Middle-market dealmakers have been slow to warm up to general-purpose social networks, but in recent years, deal professionals have been drawn toward more specialized online communities catering to their needs. One of the more successful social networks aimed at middle-market dealmakers is Axial Networks Inc., a New York startup founded in 2010 and backed by venture capital firms, including Redpoint Ventures and First Round Capital. In August, Axial raised an $11 million Series B round of venture capital, led by Comcast Ventures. Billing its service as "a network of relationships, a marketplace of transactions," Axial boasts 17,000 members, including M&A advisers, investment bankers, private equity investors, lenders and family offices. The specialized social network partnered recently with virtual data-room provider Merrill Datasite, enabling M&A practitioners to move from deal sourcing and business development activities to deal workflow management. We turned to Sam Jacobs, Axial's senior vice president of sales and business development, to learn about today's best practices in social media for deal professionals. (See "12 Dealmakers You Should Follow on Twitter")

Why do many middle-market dealmakers shy away from social media?

It's true that many dealmakers are hesitant to embrace social media fully. The advantages are not always straightforward, while the risks are more apparent. The biggest hindrance we see is concern for reputation and a reticence toward building relationships in less formal ways. A long tradition of meeting prospects at conferences or advancing deal conversations on the golf course leaves some dealmakers wary of starting conversations online.

What are the benefits of social media for middle-market dealmakers?

Successful deal professionals are characterized by the breadth and depth of their relationships. Broadly, social media and online networks have changed the way people meet, interact, communicate, evaluate and transact. Filtering information to engage in more meaningful conversations and multiplying that effort can be powerful for dealmakers with little time and lots to accomplish.

In using social media to expand one's professional network exponentially, dealmakers can enhance business development and deal sourcing efforts. As more and more of their "customers" and counterparties move online, reaching audiences in this way will eventually be ubiquitous. Today, however, deal professionals who use social mediums can realize a competitive advantage.

Give us three tips that middle-market dealmakers can use to leverage social media.

1. Answer the question: Where do my audience and influencers congregate? Who is most important for me to connect with, and where can I find them quickly and efficiently? Use the platforms where these people gather so your efforts have as much leverage as possible.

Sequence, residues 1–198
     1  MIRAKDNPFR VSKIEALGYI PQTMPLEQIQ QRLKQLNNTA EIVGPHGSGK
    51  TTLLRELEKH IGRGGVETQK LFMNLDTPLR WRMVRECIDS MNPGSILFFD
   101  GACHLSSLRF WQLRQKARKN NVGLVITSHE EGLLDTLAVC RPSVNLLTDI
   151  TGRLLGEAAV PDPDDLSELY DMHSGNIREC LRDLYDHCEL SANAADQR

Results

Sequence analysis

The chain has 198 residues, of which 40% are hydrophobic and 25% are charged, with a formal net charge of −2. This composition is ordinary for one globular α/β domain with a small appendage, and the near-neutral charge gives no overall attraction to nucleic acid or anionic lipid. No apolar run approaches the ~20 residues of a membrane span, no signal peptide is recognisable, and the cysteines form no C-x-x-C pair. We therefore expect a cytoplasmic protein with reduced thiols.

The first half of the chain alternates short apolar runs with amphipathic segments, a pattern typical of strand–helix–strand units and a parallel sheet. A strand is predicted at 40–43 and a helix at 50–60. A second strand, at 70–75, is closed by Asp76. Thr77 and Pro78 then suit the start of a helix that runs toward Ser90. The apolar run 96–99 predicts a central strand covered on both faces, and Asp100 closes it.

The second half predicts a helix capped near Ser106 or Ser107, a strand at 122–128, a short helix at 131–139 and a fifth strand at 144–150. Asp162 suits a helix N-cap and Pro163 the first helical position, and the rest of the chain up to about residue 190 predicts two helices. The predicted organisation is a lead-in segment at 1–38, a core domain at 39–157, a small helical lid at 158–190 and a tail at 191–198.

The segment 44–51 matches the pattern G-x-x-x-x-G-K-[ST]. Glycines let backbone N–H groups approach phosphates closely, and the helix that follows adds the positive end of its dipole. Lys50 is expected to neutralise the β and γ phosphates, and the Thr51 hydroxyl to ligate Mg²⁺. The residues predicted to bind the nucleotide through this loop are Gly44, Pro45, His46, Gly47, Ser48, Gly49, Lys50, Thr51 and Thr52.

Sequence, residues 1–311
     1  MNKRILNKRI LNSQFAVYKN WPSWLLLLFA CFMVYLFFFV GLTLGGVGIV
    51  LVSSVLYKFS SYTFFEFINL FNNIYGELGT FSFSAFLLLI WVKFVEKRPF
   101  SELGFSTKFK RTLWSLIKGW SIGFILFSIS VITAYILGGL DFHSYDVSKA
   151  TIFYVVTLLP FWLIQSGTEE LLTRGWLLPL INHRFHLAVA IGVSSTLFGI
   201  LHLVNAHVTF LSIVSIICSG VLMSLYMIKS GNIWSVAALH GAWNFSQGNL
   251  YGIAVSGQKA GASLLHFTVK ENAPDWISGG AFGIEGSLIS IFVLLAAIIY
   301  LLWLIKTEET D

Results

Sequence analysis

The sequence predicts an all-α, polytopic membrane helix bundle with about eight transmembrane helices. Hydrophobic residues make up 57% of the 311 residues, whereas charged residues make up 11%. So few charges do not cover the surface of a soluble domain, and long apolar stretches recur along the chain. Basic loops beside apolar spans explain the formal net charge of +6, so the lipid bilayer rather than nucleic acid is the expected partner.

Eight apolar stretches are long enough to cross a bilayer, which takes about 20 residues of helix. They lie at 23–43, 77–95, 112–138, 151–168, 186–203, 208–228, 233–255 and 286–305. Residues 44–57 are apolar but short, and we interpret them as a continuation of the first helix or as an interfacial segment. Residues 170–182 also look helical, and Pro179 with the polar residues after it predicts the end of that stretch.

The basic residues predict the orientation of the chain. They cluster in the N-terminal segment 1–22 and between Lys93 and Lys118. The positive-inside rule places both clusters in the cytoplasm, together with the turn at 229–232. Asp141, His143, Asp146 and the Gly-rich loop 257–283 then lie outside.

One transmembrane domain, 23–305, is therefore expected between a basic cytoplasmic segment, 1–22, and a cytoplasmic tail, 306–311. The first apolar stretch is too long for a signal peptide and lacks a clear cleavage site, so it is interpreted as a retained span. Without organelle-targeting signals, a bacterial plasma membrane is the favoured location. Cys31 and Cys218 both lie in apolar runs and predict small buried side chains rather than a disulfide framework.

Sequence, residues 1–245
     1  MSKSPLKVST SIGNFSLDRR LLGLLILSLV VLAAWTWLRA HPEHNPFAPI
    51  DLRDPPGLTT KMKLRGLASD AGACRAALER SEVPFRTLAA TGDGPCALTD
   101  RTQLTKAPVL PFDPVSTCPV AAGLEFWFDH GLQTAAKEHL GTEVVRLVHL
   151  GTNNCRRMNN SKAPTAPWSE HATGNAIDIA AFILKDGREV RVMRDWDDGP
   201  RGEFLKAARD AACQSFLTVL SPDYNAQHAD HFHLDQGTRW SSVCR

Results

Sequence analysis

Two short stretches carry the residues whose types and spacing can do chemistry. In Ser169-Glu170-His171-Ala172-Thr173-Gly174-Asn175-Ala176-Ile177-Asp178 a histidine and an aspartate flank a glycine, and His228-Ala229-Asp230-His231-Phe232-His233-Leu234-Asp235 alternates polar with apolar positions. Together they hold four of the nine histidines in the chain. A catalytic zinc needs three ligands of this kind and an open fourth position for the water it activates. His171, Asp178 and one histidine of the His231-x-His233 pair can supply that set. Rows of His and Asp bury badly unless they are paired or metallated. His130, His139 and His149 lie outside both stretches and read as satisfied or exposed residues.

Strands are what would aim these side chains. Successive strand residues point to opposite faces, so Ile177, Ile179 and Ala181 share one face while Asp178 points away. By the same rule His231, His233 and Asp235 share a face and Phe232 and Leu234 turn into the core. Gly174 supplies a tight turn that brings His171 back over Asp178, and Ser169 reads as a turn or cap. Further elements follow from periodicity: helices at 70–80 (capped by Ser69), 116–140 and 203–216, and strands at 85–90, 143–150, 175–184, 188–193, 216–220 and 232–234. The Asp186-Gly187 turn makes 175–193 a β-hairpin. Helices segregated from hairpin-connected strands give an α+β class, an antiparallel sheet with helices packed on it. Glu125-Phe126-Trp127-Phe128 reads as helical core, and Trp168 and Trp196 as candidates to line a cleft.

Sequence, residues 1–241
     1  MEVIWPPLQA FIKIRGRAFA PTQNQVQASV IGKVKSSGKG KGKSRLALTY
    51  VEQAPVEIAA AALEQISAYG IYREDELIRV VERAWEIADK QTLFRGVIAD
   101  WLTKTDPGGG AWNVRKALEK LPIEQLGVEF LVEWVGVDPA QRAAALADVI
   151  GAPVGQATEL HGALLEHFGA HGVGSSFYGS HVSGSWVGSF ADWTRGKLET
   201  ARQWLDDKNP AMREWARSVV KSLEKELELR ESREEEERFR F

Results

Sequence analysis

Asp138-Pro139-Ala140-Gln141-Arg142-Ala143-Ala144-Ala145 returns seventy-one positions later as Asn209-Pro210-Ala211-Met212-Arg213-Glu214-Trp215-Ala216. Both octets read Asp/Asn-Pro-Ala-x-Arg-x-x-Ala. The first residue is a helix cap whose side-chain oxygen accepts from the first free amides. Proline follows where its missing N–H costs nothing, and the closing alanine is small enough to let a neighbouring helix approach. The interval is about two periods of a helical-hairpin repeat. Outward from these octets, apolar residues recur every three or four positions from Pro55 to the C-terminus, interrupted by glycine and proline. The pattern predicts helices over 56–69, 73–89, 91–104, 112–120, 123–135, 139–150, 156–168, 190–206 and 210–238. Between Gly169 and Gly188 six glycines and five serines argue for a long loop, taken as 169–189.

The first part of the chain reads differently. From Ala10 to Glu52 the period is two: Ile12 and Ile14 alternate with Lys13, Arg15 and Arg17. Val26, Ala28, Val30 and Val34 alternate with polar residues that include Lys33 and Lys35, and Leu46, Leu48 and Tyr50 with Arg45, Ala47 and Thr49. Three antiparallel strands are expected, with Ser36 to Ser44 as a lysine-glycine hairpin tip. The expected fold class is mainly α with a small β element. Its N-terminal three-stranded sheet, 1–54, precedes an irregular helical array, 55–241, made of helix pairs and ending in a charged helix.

2. Be a specialist. Specialization is an increasing trend in the deal community. The best way to stand out on social media is to document and establish specific expertise in categories such as industry or geography to make you more searchable and reputable based on your key areas of focus.

3. Be proactive. Many deal professionals use social media to listen and follow, versus share and contribute. By actively engaging, you're more likely to uncover the relationship that leads to your next deal.

What are some of the mistakes you see dealmakers commit with social media?

Doing the opposite of No. 3, above. You get out of social media what you put into it. Dealmakers should treat social channels as a way to offer up advice and expertise, focusing on contributing their insights and education rather than self-promotion. Establishing a voice and presence within your relevant communities will help to build your reputation, make you more searchable and eventually realize return on your social investment.

Not counting Axial, what social networking platforms and tools should middle-market dealmakers take advantage of?

Of traditional mediums, we see LinkedIn and Twitter as most useful to deal professionals. Lately, we've seen a number of platforms crop up aimed specifically at the investment and advisory communities that are directly applicable to the profession's day-to-day work. Examples include Gerson Lehrman Group, a network connecting deal professionals with industry experts, or Loopnet, a commercial real estate listing service. There are a number of early-stage crowdfunding platforms for dealmakers that have that flexibility -- Angelist and Kickstarter are two that come to mind. Some offline membership associations, such as the Association for Corporate Growth and the Small Business Investor Alliance, also have online networking components.

Why should middle-market dealmakers consider specialized social networks, such as Axial?

Platforms like LinkedIn are amazing, but supplementing that with usage of vertical networks that are optimized for your specific workflows and whose membership is pre-qualified ensures you're connecting with like-minded peers and increases the likelihood that you'll achieve a successful outcome. Axial is focused on being at the start of every private market transaction, connecting investors, buyers, advisers and bankers not only to each other, but to CEOs of private small and mid-sized businesses to discover deals. Members of Axial increase their productivity, close more deals and grow their revenues. So the obvious answer is that adopters of specialized social networks, when used in the right way, are driving powerful return on investment and creating massive commercial opportunity.

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